Emotions ran high Tuesday as the business of baseball resulted in a popular piece of the Blue Jays locker room being removed.
Toronto continued its radical roster makeover, sending veteran outfielder Kevin Pillar to the San Francisco Giants for three players. In a separate move, the Jays obtained speedy outfielder Socrates Brito from San Diego. Later Tuesday the team signed outfielder Randal Grichuk to a $52-million US, five-year contract extension.
In return for the 30-year-old Pillar, the Giants gave up right-handed reliever Derek Law, utility infielder Alen Hanson and right-handed pitching prospect Juan De Paula.
Jays first baseman Justin Smoak had a hard time controlling his emotions when asked about seeing his close friend depart.
“He was great, man. Good teammate. Superman. Whatever you want,” said Smoak referencing Pillar’s nickname for his ability to climb high and make highlight-reel catches.
“He’s a guy you want on your team,” added Smoak, his voice breaking. “Sorry I’m getting emotional.”
Pillar, a California native who was the longest-tenured Blue Jay, has been in the Toronto organization since being drafted in the 32nd round in 2011 — which netted him a $1,000 bonus US. He went on to play 695 games for the Jays, hitting .260 with 55 home runs and 231 runs batted in.
Toronto GM Ross Atkins paid tribute to Pillar’s work ethic and determination. But he said the “difficult decision” to deal the veteran makes room for others to step up.
It’s definitely an emotional time for me and my family. … You spend more time [at your baseball home] than at your home in the off-season.— Outfielder Kevin Pillar after being traded from the Blue Jays to San Francisco
“This was a deal that we felt made sense to gain [financial] control and create opportunities for others,” he said.
Pillar did not start Monday’s game against Baltimore but delivered a pinch-hit sacrifice fly in a ninth-inning Toronto rally that fell just short in a 6-5 loss.
Atkins said the deal was consummated late Monday. He acknowledged nodding off, only to be awoken by a vibrating cellphone providing confirmation of the trade from Giants president of baseball operations Farhan Zaidi. Pillar got the word Tuesday morning and was on a plane later in the day.
“It’s definitely an emotional time for me and my family,” a visibly moved Pillar said.
“You spend a lot of time here. You spend more time [at your baseball home] than you do at your home in the off-season. I spend more time with people here than I do with my own family.”
Pillar is a three-time Gold Glove Award finalist (2015, 2016, 2017) and earned the 2015 Wilson defensive player of the year for centre-field.
“We’re excited, really excited,” Giants manager Bruce Bochy said. “He’s somebody that’s been on our radar for a while, and to have him here to help out, he’ll give us plus defense, another bat, experienced guy. The energy level that he plays at, I’m looking forward to getting to know him and watching him.”
One of his best catches occurred during the famous 2015 Game 5 victory over the Texas Rangers in the American League Division series.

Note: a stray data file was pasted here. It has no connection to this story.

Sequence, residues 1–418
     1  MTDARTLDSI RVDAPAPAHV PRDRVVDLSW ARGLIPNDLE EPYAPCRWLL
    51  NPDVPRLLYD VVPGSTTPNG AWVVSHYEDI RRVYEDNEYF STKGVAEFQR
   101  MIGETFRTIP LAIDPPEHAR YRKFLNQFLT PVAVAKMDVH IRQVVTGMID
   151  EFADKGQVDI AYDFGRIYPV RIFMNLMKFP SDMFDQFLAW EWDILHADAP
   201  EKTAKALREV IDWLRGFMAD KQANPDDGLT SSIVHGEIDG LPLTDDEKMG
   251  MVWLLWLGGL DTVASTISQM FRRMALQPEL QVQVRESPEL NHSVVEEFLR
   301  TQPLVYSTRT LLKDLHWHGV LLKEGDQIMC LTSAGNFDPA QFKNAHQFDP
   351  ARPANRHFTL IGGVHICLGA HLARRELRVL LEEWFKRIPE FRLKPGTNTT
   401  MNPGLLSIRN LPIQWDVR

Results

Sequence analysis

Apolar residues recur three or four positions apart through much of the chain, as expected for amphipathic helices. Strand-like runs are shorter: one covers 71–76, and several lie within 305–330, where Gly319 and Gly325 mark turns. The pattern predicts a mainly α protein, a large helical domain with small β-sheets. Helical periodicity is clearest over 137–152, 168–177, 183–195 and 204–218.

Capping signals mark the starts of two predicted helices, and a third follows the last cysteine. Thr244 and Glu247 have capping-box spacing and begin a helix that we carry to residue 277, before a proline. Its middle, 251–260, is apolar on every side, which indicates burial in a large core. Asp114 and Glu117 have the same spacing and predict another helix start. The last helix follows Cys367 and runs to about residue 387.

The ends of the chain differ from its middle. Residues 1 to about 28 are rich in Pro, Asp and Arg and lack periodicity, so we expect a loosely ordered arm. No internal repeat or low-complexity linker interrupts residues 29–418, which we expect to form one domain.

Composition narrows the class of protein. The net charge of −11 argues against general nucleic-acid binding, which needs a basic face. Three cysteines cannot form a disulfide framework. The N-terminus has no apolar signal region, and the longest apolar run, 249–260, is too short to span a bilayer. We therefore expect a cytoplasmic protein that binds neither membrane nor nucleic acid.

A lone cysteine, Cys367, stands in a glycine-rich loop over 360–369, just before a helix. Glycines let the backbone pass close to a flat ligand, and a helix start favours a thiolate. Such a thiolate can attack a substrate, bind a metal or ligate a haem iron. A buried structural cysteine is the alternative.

WATCH | Kevin Pillar soars to another great grab:
Pillar hit .252 with 40 doubles, 15 home runs and 18 walks over 142 games last season. He batted .260 with 156 doubles, 55 home runs and 231 runs batted in across 695 career games with the Blue Jays.
Hours after the trade, the Blue Jays recalled outfielder Anthony Alford from triple-A Buffalo.
Pillar, who is making $5.8 million US this season, is eligible for free agency in the fall of 2020.
He joins Russell Martin, Marco Estrada, Troy Tulowitzki, Kendrys Morales, Josh Donaldson, Steve Pearce, J.A. Happ and Yangervis Solarte in a Toronto teardown that started last season departing the Jays.
“We’re not in a popularity contest,” said Atkins. “We’re in a contest to win championships and that takes making tough decisions and often times not popular ones.”
De Paula a ‘young, exciting arm’
Pillar’s time in Toronto was not always smooth. In May 2017, the Jays suspended him for two games for a homophobic slur directed at an Atlanta Braves reliever. But Pillar stood up and took his lumps, apologizing to fans, Major League Baseball and the LGBTQ community.
De Paula, 21, is a minor leaguer ranked 19th among Giants’ 30 prospects by MLB Pipeline. A native of the Dominican Republic, he will be sent to single-A ball.
“He’s a young, exciting arm with a mid-90s fastball, the [arsenal] to strike guys out and the attributes to potentially be a starting pitcher. Those attributes are hard to acquire,” said Atkins.
“We can’t possibly have enough depth when it comes to [pitching].”
De Paula started last season with the Class-A Staten Island Yankees before being acquired by the Giants in the Andrew McCutchen trade. He was then assigned to the Class-A Augusta GreenJackets.
Hansen can play infield, outfield
The six-foot-three 165-pounder had a 1.72 earned-run average with 55 strikeouts and 27 walks over 52.1 innings of work last year. He has a career 13-14 record and 2.47 ERA in 48 minor league games.
The 26-year-old Hanson hit .252 with eight home runs across 110 games for the Giants last season The six-foot 170-pound switch-hitting infielder has a career .238 batting average with 12 homers and 51 runs batted in over 243 games.
“He’s a versatile and still young infielder. He’s as close to a super utility player as you can find,” said Atkins of than capable of playing second base, shortstop, third base and the outfield.
Law, who had a 7.43 ERA across 13.1 innings with 12 strikeouts and eight walks for the Giants in 2018, “most likely” will report to triple-A Buffalo, according to Atkins. Over the last three seasons with San Francisco, the six-foot-three 215-pounder has a 9-3 record with a 3.83 ERA and 97 strikeouts in 105.2 innings.
The Giants are in Toronto April 23-24.